Poodles have a hunting background, though, so many Dalmadoodles have a strong prey drive. This could be a problem if your household includes cats or other small pets.

It’s hard to know in advance if your dog will get along with the cat, but there are a few things you can do to make a happy cohabitation more likely. Keeping your dog tuckered out is important, and proper training and socialization are non-negotiable (they should be especially good with the “leave it” command).

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Things to Know When Owning a Dalmadoodle

While Dalmadoodles make fantastic pets, they can be quite demanding of their owner’s time and affection. Before you add one to your menagerie, you should do your homework to make sure they’ll fit in. Below, we’ll guide you through a few things you can expect when owning one of these dogs.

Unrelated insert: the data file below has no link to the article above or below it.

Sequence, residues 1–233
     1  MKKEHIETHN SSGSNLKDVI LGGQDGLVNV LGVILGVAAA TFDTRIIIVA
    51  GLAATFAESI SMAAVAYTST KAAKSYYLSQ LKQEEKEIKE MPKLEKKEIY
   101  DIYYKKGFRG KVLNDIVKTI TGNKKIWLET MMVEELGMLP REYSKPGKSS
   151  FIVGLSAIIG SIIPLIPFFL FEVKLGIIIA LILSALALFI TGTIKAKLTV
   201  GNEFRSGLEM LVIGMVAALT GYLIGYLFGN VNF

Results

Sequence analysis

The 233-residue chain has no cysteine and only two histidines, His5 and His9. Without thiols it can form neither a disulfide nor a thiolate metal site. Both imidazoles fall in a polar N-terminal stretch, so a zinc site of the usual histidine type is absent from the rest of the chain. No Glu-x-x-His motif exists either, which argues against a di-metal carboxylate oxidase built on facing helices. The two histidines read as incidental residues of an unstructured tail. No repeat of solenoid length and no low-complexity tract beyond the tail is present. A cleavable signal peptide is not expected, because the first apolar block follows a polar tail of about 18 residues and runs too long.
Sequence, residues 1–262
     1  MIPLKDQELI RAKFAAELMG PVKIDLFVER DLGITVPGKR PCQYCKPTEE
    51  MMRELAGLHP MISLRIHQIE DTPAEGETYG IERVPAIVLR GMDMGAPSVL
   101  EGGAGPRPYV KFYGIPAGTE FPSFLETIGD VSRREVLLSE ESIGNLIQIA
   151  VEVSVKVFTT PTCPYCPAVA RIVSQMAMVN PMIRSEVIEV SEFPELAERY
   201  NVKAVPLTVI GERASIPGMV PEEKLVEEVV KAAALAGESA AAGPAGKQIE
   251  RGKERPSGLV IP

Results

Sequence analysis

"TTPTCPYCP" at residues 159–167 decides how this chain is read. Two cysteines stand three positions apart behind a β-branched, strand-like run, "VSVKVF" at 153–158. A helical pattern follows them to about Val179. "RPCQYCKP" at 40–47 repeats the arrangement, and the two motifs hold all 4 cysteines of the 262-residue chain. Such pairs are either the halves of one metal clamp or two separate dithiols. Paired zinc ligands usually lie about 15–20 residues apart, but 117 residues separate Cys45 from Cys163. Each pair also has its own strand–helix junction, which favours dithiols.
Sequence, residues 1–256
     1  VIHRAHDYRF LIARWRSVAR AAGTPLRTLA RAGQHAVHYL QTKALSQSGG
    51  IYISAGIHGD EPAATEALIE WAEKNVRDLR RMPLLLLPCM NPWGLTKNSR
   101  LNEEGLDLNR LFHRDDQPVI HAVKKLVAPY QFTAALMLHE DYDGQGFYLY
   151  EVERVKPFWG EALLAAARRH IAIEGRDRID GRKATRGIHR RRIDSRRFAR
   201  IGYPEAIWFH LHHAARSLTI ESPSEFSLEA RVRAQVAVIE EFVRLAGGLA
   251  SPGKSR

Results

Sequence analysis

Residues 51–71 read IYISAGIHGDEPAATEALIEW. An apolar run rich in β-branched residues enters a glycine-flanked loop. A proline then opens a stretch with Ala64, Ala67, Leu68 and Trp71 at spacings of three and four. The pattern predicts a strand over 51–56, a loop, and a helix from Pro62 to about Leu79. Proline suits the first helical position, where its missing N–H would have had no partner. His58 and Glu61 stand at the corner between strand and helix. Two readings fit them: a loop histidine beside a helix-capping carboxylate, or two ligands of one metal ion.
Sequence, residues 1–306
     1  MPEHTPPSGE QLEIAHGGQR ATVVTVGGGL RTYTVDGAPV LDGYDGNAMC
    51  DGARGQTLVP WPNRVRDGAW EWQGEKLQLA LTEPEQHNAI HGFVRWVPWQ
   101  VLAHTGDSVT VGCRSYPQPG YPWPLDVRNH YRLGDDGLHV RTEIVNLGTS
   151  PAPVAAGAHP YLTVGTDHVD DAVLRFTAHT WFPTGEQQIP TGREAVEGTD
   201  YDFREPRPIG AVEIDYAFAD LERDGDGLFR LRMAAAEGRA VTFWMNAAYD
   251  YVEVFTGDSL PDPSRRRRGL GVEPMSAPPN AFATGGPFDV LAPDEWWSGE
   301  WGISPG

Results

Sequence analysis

Food & Diet Requirements 🦴

Given that they can run for days, Dalmadoodles need plenty of kibble to keep their engines running. Expect to buy a bag of food a month.

That food should be high-quality too. Skip anything with wheat, corn, or animal by-products, and focus on something that provides protein and healthy fruits and vegetables.

Omega fatty acids are also important, as they help with brain development, and these dogs’ noodles need all the fuel they can get.

Be careful not to overfeed them, as hip dysplasia is common in the breed. However, they often tend to be more enthusiastic about praise and playtime than food, so they might not eat to the point of obesity, anyway.